1. Not finding help here? Sign up for a free 30min tutor trial with Chegg Tutors
    Dismiss Notice
Dismiss Notice
Join Physics Forums Today!
The friendliest, high quality science and math community on the planet! Everyone who loves science is here!

PDE - Solve heat equation with convection

  1. Aug 13, 2012 #1
    1. The problem statement, all variables and given/known data
    Solve u_t -k u_xx +V u_x=0
    With the initial condition, u(x,0)=f(x)

    Use the transformation y=x-Vt

    2. Relevant equations
    The solution to the equation u_t - k u_xx=0 with the initial condition is
    u(x,t)=1/Sqrt[4[itex]\pi[/itex] kt] [itex]\int[/itex] e^(-(x-y)^2 /4kt)f(y) dy

    3. The attempt at a solution
    I really just need help subbing in the change in variable.

    I think it's something like
    u_y= u_t dt/dy +u_x dx/dy with dx/dy=1/(dy/dx)=1, dt/dy=1/V
    =-1/V u_t +u_x
    But this doesn't put the equation into a useful form...

    the other thing I thought of was
    u_x=u_t dt/dx +u_y dy/dx =0+u_y
    and u_t=u_x dx/dt+u_y dy/dt =-Vu_y
    And then we have that u_t+V u_x=-V u_y +V u_y=0, so the DE is just k u_xx=0; which I'm guessing isn't right either - because then it's just straight integration; (with the constants as functions of y?)...
    Anyway, I'm fairly sure that the change of variables will result in either u_y=u_t+V u_x or possibly some multiple.
     
  2. jcsd
  3. Aug 13, 2012 #2

    tiny-tim

    User Avatar
    Science Advisor
    Homework Helper

    Hi Ratpigeon! :smile:

    (try using the X2 button just above the Reply box :wink:)
    no, you have two sets of variables: (x,t) and (y,t') with t' = t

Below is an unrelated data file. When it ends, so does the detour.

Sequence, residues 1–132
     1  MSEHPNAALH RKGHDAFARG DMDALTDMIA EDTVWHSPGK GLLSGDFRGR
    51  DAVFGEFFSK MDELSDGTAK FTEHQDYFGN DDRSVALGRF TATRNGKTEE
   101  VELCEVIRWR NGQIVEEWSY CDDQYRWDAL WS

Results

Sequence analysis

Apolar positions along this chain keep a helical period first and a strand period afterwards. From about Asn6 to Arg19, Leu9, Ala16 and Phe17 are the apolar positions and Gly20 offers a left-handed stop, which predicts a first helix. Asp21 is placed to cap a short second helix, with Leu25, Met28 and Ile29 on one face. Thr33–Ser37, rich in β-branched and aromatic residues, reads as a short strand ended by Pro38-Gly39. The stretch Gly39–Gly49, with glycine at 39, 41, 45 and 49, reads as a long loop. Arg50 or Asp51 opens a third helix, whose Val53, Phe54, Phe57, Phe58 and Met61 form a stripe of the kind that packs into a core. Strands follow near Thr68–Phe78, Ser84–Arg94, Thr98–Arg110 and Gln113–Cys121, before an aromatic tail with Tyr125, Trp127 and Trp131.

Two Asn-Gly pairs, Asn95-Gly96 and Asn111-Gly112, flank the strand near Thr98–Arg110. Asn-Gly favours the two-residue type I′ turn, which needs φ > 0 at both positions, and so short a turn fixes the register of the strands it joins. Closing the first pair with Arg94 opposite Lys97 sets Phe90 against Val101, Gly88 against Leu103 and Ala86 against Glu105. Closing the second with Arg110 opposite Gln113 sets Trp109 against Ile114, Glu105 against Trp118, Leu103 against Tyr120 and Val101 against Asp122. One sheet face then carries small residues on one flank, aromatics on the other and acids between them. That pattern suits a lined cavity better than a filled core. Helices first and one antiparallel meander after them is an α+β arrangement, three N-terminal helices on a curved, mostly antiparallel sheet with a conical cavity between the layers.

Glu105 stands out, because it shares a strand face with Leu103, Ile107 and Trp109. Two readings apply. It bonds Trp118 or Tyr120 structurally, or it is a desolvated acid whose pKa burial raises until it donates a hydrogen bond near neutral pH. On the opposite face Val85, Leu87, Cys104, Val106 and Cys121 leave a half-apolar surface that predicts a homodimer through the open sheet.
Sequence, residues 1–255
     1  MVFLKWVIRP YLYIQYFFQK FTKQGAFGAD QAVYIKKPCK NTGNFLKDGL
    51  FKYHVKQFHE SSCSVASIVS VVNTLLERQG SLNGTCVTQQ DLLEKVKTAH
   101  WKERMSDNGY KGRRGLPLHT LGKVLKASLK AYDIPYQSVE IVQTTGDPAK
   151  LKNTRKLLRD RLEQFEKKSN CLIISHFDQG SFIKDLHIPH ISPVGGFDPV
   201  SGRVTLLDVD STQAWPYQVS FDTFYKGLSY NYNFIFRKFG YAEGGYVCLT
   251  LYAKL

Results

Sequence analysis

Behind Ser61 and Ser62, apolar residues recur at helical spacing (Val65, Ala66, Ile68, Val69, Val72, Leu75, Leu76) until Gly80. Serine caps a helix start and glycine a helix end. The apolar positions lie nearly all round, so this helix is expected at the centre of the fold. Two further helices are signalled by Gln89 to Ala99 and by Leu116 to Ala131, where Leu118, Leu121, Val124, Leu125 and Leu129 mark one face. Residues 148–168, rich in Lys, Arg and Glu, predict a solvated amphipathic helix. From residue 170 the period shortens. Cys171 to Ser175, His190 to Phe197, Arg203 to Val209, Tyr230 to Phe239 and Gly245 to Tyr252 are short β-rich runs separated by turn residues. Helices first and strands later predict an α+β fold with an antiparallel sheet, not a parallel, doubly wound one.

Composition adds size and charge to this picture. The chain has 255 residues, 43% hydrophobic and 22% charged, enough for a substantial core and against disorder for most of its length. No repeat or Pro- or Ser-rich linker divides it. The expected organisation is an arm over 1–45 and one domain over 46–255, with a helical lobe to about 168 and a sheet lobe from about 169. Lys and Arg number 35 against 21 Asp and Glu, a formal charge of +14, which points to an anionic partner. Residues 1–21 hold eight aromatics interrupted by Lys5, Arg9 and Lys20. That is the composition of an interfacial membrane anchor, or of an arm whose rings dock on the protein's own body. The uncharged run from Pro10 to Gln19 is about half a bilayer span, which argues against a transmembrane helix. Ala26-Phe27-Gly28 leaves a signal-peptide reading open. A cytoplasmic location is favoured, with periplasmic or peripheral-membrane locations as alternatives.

your ut should have uy and ut' parts, not uy and ux parts :wink:
     
  4. Aug 13, 2012 #3
    So is s=x+Vt
    Then is it ux= uy +us, uxx=uyy+2uys+uss
    ut=-Vuy+Vus and the total equaton is 2Vuy+uyy+2uys+uss?
     
  5. Aug 13, 2012 #4

    tiny-tim

    User Avatar
    Science Advisor
    Homework Helper

    what on earth is "s" ? :confused:

    you have two sets of variables: (x,t) and (y,t') with y = x - Vt and t' = t

    your ut should have uy and ut' parts, not uy and ux parts :wink:
     
  6. Aug 13, 2012 #5
    Okay so i define h(x-Vt,t')=u(x,t) and get
    ht=ut-Vuy and hy=ux for y=x-Vt
    So:
    ht-khyy=ut-kuxx+Vux=0
    And the initial conditon u(x,0)=f(x) becomes h(x-Vt,0)=f(x-Vt); and since t=0 this is just h(x,0)=f(x)
    and then i have an integral of...

    exp(-(x-Vt-y)^2/4kt) f(y)dy (with the square root scalar out the front) and thats the solution for h and hence also u?
     
  7. Aug 13, 2012 #6

    tiny-tim

    User Avatar
    Science Advisor
    Homework Helper

    sorry, this is too difficult to read :redface:

    but anyway wouldn't it be easier to find ux and ut, since they're actually mentioned in the question?
     
  8. Aug 13, 2012 #7
    Im about 90% sure i got it. thankyou so much for your help :) i just wasnt getting the variable change until you explained it... :S
     
Know someone interested in this topic? Share this thread via Reddit, Google+, Twitter, or Facebook




Similar Discussions: PDE - Solve heat equation with convection
  1. PDE heat equation (Replies: 7)

  2. PDE: heat equation (Replies: 10)

Loading...